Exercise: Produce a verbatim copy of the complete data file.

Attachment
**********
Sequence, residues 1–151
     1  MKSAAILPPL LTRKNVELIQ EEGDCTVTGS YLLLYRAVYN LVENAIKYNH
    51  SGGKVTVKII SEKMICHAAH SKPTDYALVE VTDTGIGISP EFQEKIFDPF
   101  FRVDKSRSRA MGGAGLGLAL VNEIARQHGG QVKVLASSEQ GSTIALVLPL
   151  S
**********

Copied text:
Sequence, residues 1–151
     1  MKSAAILPPL LTRKNVELIQ EEGDCTVTGS YLLLYRAVYN LVENAIKYNH
    51  SGGKVTVKII SEKMICHAAH SKPTDYALVE VTDTGIGISP EFQEKIFDPF
   101  FRVDKSRSRA MGGAGLGLAL VNEIARQHGG QVKVLASSEQ GSTIALVLPL
   151  S